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Thursday, 13 February, 2003, 11:45 GMT
Lead candles 'pose health risk'
Candle
UK candles do not use lead
Candles containing lead could pose a risk to children's health, experts have warned.

Scientific advisers to the European Commission said they may cause damage to the nervous system.

The Commission has issued warned consumers to be aware of the risks.

Lead is used in some candles to help the wicks stand upright in the wax.

But UK manufacturers said lead had not been used in wicks in this country since the mid-1970s, and only a small proportion of imported candles might be affected.

It's been a long-known problem

Malcolm Pryme, Price's candlemakers
The Commission's scientific committee on toxicity, eco-toxicity and the environment investigated the issue after reports from the US, which found 8% of candles tested contained lead.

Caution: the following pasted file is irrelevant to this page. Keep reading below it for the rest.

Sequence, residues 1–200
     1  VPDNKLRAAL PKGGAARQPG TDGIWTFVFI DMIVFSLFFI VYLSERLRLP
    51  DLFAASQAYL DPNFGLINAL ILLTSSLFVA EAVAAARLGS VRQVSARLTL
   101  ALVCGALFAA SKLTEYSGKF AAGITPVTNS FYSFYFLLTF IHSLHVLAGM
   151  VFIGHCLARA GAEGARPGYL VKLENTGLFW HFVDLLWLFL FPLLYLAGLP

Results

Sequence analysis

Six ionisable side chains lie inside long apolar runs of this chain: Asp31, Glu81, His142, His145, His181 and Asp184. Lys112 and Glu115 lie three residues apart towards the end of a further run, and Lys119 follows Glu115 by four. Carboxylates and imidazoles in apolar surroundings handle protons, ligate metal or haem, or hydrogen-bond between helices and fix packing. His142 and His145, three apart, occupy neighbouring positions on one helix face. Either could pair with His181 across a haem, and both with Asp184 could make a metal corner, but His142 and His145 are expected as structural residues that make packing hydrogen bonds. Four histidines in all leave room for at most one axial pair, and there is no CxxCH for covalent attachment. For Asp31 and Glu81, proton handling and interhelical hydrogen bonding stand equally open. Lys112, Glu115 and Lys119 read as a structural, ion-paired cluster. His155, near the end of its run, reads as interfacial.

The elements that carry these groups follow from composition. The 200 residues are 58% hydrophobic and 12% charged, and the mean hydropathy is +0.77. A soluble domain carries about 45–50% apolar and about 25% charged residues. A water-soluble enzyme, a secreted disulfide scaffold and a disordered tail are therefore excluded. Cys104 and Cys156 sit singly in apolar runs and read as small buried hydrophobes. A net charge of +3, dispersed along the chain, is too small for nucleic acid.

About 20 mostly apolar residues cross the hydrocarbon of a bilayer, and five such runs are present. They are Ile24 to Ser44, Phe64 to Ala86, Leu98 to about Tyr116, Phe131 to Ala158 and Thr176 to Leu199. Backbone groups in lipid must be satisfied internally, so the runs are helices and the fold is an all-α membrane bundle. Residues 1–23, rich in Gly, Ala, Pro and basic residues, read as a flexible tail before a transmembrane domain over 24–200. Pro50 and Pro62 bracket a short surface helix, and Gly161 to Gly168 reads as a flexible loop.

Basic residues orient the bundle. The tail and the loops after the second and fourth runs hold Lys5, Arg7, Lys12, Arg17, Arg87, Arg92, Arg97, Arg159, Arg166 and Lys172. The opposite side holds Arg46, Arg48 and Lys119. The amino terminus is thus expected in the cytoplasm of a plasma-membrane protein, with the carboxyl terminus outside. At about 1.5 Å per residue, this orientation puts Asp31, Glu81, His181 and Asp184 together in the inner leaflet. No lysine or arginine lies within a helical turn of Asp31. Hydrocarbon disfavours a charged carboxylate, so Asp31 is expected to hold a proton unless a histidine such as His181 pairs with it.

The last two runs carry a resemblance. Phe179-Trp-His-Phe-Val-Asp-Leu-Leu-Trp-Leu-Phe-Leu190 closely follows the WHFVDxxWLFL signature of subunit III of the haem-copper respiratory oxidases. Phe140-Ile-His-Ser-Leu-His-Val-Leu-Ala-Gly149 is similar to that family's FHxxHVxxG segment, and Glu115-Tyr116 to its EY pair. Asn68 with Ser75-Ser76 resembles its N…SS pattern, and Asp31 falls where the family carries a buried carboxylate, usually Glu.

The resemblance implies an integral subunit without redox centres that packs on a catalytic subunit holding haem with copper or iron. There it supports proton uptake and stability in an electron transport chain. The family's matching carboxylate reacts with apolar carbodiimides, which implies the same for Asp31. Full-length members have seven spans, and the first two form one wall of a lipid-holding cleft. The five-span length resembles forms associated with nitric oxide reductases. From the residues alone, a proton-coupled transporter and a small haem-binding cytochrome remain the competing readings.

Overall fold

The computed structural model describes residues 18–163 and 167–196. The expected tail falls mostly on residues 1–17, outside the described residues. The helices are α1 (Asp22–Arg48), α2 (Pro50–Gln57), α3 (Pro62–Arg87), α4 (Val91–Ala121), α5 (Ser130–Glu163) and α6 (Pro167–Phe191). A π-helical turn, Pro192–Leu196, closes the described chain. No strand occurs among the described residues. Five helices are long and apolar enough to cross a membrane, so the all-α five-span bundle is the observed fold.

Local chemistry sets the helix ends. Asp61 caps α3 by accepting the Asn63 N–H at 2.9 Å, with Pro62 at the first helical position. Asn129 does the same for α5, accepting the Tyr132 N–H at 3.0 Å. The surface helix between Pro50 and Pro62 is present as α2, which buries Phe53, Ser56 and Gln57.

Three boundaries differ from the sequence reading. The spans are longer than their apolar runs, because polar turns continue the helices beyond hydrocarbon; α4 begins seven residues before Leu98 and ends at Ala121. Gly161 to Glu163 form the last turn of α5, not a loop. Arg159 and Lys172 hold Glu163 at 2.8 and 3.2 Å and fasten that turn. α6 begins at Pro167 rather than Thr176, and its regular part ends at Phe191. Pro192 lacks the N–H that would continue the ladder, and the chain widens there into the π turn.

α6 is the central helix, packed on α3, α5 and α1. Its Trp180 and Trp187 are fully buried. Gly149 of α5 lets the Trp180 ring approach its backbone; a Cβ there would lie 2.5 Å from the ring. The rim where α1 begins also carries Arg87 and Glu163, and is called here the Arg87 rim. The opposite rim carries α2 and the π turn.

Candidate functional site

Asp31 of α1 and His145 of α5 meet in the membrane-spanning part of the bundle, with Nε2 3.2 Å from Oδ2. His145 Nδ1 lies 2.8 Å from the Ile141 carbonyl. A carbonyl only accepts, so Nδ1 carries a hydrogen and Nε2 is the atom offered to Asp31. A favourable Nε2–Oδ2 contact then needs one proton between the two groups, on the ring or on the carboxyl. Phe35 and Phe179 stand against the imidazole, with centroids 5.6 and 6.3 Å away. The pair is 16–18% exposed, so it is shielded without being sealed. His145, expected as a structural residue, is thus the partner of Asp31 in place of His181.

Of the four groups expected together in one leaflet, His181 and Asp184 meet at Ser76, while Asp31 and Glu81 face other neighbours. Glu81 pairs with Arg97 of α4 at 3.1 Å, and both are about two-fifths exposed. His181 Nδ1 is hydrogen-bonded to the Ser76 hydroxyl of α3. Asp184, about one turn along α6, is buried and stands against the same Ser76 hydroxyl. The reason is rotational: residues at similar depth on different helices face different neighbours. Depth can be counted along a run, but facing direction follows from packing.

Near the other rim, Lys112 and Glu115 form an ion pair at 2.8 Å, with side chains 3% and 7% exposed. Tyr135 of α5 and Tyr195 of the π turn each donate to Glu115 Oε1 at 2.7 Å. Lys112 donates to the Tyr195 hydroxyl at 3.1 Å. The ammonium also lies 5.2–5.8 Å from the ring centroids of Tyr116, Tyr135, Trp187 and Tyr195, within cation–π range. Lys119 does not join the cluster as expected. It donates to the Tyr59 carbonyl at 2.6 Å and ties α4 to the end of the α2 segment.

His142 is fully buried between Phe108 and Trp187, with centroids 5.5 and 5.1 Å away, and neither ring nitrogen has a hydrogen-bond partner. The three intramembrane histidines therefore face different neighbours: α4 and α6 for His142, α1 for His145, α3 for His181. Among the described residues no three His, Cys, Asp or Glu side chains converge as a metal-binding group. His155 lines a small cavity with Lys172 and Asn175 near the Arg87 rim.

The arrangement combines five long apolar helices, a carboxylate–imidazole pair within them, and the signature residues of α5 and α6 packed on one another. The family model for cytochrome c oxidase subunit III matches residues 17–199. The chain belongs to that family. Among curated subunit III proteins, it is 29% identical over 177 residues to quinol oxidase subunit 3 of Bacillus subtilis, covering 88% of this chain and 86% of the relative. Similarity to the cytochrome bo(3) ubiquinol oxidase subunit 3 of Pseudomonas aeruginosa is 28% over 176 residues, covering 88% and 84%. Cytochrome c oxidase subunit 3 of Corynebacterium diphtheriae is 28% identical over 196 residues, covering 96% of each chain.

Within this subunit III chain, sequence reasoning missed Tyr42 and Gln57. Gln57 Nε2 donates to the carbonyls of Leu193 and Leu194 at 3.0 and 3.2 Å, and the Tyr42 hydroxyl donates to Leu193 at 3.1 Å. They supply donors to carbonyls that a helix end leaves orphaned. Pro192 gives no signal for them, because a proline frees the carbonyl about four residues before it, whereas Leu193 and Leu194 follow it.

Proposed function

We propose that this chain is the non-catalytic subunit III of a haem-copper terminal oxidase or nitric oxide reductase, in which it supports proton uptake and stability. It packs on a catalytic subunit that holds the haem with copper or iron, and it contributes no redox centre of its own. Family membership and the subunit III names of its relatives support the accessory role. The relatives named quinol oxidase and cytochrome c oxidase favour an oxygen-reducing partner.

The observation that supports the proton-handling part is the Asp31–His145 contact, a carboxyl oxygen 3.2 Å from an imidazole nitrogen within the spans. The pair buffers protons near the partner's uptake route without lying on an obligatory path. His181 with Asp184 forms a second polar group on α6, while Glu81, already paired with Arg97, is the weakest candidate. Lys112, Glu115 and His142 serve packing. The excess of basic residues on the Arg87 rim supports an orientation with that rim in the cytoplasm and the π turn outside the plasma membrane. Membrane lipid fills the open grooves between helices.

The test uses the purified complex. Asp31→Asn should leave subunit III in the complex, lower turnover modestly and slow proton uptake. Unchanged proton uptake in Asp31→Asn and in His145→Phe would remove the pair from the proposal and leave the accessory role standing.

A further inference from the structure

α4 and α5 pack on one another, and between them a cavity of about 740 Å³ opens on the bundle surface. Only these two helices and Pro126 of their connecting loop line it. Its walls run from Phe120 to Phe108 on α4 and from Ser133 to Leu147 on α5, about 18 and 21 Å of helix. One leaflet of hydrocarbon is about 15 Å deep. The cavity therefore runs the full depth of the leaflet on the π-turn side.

It said lead emissions from candles represented a "health hazard".

It added: "frequent indoor burning of candles with lead wicks cores may result in a high additional exposure of human to lead in addition to lead exposure from food, dust and other sources.

It added: "Additional lead exposures such as inhalation and ingestion from lead in candle wicks may represent an important source of lead exposure and significantly elevate blood lead levels in children."

Lead may still be found in household fittings, old pipes, soil and food, although it has been removed from paint, and largely from petrol.

Voluntary agreement

Malcolm Pryme, of candle manufacturers Price's, told BBC News Online no UK-based company had used lead in wicks since the mid-1970s.

"It's been a long-known problem, and it's a voluntary agreement in the candle industry not to use it."

Mr Pryme said manufacturers in other EU countries abided by the same code, but he said lead might still be used in products imported in from countries such as China.

The Department of Trade and Industry, which has responsibility for candle safety, said it would study the report.

See also:

07 Jan 03 | Health
06 Feb 03 | Health
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